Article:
There's such a thing as being a sound sleeper, but then there's the type of sleeper who just… generates sound. My dad is an example of the latter—he could practically guide a ship through fog with his earth-shattering snoring, and my entire family has been on the hunt for a remedy for years.
The main cause for my dad's deafening habit is that he has sleep apnea, where the airway collapses or becomes blocked during sleep. However, sleep apnea and snoring aren't mutually exclusive—if you snore, that doesn't necessarily mean that you have the disorder. It's a possibility, though, so check with your doctor to rule out the condition if you're trying to snooze quietly as well as alleviate the other symptoms that come as a direct result.
If you don't have sleep apnea and just snore loudly, though, we're here to help. As it turns out, there's a large possibility that your anatomy is to blame: According to Michael J. Breus, Ph.D., "In persons with enlarged tonsils or tongue, lying flat on your back or opening your mouth to breathe increases the resonance and noise production of these vibrating tissues." Deviated septums, blocked nasal passageways, and elongated uvulas also affect the airflow into the body, projecting the snoring vibrations even further.
So to figure out how to cut back on the nightly noise that comes with these anatomical obstructions, we turned to Breus and Monica Tadros, MD, FACS, for their expertise—what we discovered is that many of their tips will actually help benefit your overall health in the long run. Keep scrolling to learn more!
Improve Your Sleep Hygiene
"Excessive tiredness and irregular sleep patterns can worsen snoring," says Tadros. This is because your body is trying to achieve a deeper sleep when you're exhausted, so your muscles are more relaxed, leading to obstructed breathing. Try to get on a normal sleep cycle, not just to lower your snoring volume, but to reset and repair your body and keep your mind sharp in general.
"In some people, weight gain causes increased crowding in the throat, causing tissues to take up more space and hang lower and vibrate more readily," explains Tadros. The back of the tongue also has the ability to get "fatter," causing an obstructed airway. She explains that as you gain weight, the back of the tongue actually accumulates fat within the muscle and gets larger, worsening snoring. Excess fat in the throat also causes the muscles to collapse, which brings on those loud vibrations. To prevent this from happening, eat lean, healthy meals and exercise frequently to shed excess weight.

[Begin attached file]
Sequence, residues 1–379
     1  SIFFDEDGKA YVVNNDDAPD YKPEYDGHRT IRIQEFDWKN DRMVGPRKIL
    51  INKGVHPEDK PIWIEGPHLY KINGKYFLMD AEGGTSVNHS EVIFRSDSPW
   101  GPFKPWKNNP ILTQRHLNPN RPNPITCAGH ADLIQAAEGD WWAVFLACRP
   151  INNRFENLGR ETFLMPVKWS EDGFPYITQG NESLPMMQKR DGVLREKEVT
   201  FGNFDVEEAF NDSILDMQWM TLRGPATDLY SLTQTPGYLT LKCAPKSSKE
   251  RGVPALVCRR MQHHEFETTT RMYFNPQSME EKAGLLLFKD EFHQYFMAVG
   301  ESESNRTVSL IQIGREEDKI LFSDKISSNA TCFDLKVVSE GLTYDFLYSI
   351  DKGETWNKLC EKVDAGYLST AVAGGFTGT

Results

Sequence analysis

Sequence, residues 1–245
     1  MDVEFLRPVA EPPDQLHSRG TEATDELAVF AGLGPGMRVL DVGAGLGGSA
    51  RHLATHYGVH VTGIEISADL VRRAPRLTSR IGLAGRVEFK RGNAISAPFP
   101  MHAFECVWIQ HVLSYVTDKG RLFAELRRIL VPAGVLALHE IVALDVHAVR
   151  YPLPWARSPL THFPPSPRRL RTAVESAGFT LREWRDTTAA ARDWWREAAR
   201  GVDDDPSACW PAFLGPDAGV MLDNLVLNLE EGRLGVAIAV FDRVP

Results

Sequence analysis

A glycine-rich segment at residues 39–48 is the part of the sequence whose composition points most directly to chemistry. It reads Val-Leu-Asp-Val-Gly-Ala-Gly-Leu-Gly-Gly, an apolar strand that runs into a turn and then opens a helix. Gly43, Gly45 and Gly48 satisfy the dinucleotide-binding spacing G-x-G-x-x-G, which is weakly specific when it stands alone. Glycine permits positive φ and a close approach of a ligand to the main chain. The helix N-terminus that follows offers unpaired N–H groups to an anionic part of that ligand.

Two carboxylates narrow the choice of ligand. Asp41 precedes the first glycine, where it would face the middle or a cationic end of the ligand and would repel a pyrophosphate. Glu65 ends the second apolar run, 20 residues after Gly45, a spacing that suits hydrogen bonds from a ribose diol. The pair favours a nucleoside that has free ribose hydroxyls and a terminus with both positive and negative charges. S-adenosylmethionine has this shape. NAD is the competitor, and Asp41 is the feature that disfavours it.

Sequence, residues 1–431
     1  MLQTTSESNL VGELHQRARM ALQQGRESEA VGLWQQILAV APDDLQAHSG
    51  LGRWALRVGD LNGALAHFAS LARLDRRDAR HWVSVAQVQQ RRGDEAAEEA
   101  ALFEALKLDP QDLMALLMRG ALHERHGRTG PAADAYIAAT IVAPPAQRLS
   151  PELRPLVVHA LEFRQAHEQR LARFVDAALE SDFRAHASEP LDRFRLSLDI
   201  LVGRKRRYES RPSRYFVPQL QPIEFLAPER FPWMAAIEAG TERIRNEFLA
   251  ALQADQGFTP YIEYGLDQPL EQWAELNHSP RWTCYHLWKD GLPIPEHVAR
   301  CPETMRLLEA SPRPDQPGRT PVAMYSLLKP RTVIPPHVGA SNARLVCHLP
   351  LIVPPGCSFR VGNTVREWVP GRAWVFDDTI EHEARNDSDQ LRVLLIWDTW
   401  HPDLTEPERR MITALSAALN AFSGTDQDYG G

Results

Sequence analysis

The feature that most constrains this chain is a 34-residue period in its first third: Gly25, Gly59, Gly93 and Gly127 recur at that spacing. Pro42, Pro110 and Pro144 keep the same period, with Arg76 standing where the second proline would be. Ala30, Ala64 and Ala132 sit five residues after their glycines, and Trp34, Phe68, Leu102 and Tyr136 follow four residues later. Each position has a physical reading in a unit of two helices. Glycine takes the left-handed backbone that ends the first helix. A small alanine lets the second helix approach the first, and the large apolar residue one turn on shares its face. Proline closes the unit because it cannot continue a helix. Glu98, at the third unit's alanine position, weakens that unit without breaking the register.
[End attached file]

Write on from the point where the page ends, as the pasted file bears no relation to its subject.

Invest in a Good Pillow
"The position of all the throat structures can be negatively affected by pillows that hyperflex or do not support the neck well," explains Tadros. Wedge pillows are a great solution, as they help to elevate the throat and head to allow for a more open airway.
Watch What You Eat (and Drink)
According to Tadros, eating heavy meals and drinking alcohol before bed makes matters worse: The former (along with spicy and tomato-based foods) can trigger indigestion, and the latter relaxes the muscles in the throat, all of which lead to loud snoring. Consider cutting back on your alcohol content and planning your meals strategically so that you aren't consuming a full course before you hit the pillow.
Breus explains that patients with nasal blockage may suffer from chronic mouth-opening, causing dry mouth and increased audible snoring. Try opening the nasal passages with this stick-on ventilator (applied to the nostrils) to help decongest.
You may also be a candidate for surgery to remove excess tissue in the throat or enlarged tonsils or adenoids, or your doctor may prescribe a mouthpiece (sort of like a retainer) to help open up the airway. If the above remedies don't do the trick, consider seeing a doctor to find the best solution.
Next up, take a look at the most common sleep mistakes women make.